Describing IRIS as “an anchor point”, he said IRIS enables specialist teams — which include ophthalmologists, ophthalmology registrars, nurses, registered nurses, orthoptists, and optometrists — to contribute to achieving real patient outcomes through the delivery of eye clinics and surgical services directly in remote and rural communities across Australia.

“We create an opportunity for them to step in and make a contribution to closing the gap without also negatively impacting their own businesses because, like everyone, they have businesses that pay their mortgage and pay their kids’ school fees, and those sorts of things.”


Vanguard Health and IRIS Surgical Services Manager, Jennifer Meier said bringing additional resources into rural and remote communities is essential to reduce the growing wait times for cataract surgery, but it must be delivered in a culturally safe way.

To do this, she and her team collaborate with Aboriginal Community Controlled Health Organisations (ACCHOs) and local health services to provide a seamless service for patients that removes the complexities and stress associated with getting to and from their remote communities to a hospital for treatment.

“Our patients want to be able to undertake activities that connect them to country, like gardening and fishing, which have become challenging with a vision impairment,” Ms Meier said.

“In the Big Rivers Region, we’ve found there may be hesitancy to go and see a doctor, or that there are misunderstandings about what is involved in cataract surgery. To help overcome these barriers, we work with the ACCHOs to support patients attend appointments and access informative education about what happens when you have cataract surgery.”

To support the ACCHOs, Ms Meier and Emma Crowley, Communications Manager for Vanguard Health, are producing information sheets and a series of short videos, which will be translated into a number of Aboriginal languages.

“They will explain what a cataract is, what’s going to happen at your appointment, how to look after your eye, those sorts of things. The content will use visuals to help patients who speak languages other than English to clearly understand and consent to the surgery,” Ms Crowley said.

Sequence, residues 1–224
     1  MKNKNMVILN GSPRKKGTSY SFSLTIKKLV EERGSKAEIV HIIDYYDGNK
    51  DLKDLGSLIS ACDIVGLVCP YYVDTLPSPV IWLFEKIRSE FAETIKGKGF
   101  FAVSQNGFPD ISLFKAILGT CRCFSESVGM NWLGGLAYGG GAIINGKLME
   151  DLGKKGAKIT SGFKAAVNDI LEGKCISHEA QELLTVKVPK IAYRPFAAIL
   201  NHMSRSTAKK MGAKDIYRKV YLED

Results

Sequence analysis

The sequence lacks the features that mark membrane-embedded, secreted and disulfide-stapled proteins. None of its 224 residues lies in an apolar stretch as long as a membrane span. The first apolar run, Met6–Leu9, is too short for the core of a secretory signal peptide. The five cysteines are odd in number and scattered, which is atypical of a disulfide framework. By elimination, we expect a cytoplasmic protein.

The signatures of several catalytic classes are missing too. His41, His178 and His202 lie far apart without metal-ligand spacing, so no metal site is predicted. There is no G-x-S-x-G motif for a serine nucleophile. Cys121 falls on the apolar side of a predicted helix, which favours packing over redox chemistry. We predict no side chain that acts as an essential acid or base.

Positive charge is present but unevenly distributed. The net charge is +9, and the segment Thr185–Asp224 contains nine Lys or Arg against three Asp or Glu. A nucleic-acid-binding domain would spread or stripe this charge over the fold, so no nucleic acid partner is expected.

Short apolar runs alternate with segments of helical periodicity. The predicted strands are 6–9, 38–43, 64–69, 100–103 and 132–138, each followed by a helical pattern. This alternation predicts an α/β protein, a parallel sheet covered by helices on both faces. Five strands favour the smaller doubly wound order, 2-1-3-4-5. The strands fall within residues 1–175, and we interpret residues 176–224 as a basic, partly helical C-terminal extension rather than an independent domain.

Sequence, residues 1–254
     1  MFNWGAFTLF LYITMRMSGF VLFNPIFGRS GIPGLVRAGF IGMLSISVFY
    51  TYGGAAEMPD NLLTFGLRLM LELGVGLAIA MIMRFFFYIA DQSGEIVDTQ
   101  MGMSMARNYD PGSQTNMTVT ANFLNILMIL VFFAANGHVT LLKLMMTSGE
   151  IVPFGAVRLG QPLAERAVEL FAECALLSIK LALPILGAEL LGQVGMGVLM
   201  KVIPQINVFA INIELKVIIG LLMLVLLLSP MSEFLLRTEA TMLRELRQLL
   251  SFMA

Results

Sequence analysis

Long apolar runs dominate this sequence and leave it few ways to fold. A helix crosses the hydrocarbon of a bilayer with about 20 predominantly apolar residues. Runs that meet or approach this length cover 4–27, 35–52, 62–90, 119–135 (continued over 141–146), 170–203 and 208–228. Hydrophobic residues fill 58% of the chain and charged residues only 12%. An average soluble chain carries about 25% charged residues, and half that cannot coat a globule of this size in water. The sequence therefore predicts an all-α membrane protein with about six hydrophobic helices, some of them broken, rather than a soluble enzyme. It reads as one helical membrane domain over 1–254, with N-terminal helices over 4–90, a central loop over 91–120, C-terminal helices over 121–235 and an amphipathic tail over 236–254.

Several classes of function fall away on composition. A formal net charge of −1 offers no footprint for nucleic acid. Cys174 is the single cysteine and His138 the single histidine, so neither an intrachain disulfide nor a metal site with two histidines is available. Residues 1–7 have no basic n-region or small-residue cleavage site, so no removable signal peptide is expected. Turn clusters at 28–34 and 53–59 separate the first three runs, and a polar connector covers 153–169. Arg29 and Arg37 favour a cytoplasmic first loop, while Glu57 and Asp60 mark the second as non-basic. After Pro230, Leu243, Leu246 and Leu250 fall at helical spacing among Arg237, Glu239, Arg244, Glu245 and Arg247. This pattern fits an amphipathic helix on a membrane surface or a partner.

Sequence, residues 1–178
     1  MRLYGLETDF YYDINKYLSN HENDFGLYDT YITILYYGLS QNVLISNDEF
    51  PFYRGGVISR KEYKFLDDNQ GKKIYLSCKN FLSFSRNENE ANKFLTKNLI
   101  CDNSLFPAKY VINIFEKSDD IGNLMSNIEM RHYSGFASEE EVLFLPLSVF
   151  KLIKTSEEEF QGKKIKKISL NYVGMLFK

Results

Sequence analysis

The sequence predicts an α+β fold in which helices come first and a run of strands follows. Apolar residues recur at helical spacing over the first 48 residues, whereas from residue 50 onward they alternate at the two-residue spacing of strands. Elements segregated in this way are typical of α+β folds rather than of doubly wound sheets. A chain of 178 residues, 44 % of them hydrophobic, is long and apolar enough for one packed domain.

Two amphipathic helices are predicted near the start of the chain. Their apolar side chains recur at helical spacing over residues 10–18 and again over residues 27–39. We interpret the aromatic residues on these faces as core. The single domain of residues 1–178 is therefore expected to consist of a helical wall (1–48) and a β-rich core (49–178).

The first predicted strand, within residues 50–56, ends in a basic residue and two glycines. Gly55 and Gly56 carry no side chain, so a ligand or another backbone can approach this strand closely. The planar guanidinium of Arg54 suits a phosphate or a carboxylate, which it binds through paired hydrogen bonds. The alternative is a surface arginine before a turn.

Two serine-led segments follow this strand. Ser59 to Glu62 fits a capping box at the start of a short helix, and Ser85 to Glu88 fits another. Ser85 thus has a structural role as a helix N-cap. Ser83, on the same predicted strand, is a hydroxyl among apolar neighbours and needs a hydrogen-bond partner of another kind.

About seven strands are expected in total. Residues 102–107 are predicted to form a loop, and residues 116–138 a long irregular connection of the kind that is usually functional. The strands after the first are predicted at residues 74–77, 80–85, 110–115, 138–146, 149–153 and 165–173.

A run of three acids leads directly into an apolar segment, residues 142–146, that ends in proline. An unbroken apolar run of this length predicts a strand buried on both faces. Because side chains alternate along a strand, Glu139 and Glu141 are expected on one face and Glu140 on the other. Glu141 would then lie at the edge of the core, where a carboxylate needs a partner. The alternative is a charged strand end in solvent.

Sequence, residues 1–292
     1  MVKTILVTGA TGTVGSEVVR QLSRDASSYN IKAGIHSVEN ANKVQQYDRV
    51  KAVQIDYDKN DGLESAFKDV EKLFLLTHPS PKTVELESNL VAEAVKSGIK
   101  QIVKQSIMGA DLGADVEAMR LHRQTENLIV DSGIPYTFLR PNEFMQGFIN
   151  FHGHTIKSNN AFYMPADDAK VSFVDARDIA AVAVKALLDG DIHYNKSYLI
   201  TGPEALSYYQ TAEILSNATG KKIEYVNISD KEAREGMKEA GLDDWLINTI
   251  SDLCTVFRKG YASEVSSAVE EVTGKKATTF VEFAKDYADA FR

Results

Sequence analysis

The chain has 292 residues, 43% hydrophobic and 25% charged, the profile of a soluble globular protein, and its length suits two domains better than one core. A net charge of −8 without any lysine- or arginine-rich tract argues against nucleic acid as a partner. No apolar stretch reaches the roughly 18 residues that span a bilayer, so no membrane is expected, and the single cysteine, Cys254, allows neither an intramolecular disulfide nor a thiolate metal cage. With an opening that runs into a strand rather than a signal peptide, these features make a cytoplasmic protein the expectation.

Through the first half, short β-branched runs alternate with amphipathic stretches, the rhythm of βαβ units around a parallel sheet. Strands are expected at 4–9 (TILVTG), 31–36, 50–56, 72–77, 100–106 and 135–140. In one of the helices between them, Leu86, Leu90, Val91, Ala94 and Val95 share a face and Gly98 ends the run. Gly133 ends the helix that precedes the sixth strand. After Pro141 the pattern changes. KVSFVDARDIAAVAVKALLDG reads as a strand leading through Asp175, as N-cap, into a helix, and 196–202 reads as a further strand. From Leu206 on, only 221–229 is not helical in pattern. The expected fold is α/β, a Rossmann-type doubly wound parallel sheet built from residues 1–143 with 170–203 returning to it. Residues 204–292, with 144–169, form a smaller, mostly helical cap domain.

Patients are also at the centre of surgery scheduling. Typically, those who have travelled furthest are seen first to minimise time off country. Additionally, IRIS tries to schedule patients from the same community groups together.

“We try to cluster patients so there’s some sort of collegiality. When patients are sitting in the waiting room, it is much nicer for them when they have someone to talk to,” said Ms Meier. “At the heart of it, everything is done for the patients, it’s all about cultural safety.”

In Ms Crowley’s experience across various aspects of healthcare, “this is what makes such a big difference to the success of the program”.

“The patients feel so safe with the team who understands them. They’ve got support networks there, whether it’s peers from their community, whether it’s the Aboriginal Community Controlled Health Organisations that they see more regularly, whether it’s a translator or a member of staff who they know from their own community that works at the hospital.”

As a consequence of this delivery model, she said, “We have a lot of patients that are having second eyes done that are telling their family, ‘there’s nothing to be scared about. It was such an easy thing, go get it done, don’t delay’”.

And as well as providing sight-saving surgeries, Ms Crowley said IRIS team members engage with patients to increase their understanding of ocular health and the role they play in maintaining their own eye health by managing blood sugars and any additional comorbidities.


Katherine Hospital is one of the public hospitals working with IRIS to deliver the surgeries. Angela Brannelly, Regional Executive Director, Big Rivers Region, NT Health, oversees the hospital and has witnessed the significant difference IRIS is making to outcomes by providing patients with better quality of life and engaging with resident hospital staff.

Katherine Hospital, she explained, has an elective ophthalmology surgery list, with procedures performed by visiting surgeons from Royal Darwin Hospital.

A recent service provided by IRIS and another visit scheduled for this year “means people get access to their surgery a lot quicker… so instead of 20 patients having cataract surgery over a potential six-to-12- month period, they are done in a week”.

As well as shortening wait lists, she said IRIS complements the service provided by Royal Darwin Hospital financially because it is funded by the federal — rather than the Northern Territory — Government.

Additionally, the onsite theatre team benefits from being exposed to more surgeries and learning new skills from the visiting surgeons, anaesthetists, orthoptists, and nurses.

“Engaging with IRIS was a no brainer,” Ms Brannelly said. “It is very good for us; working with, and learning from, the visiting teams contributes to improved quality and safety… IRIS will bring a theatre nurse, they’ll bring an anaesthetist, they’ll bring the surgeons, and they all just seamlessly work with the hospital’s theatre team.”

Ms Brannelly said patient feedback also confirms the value of the service.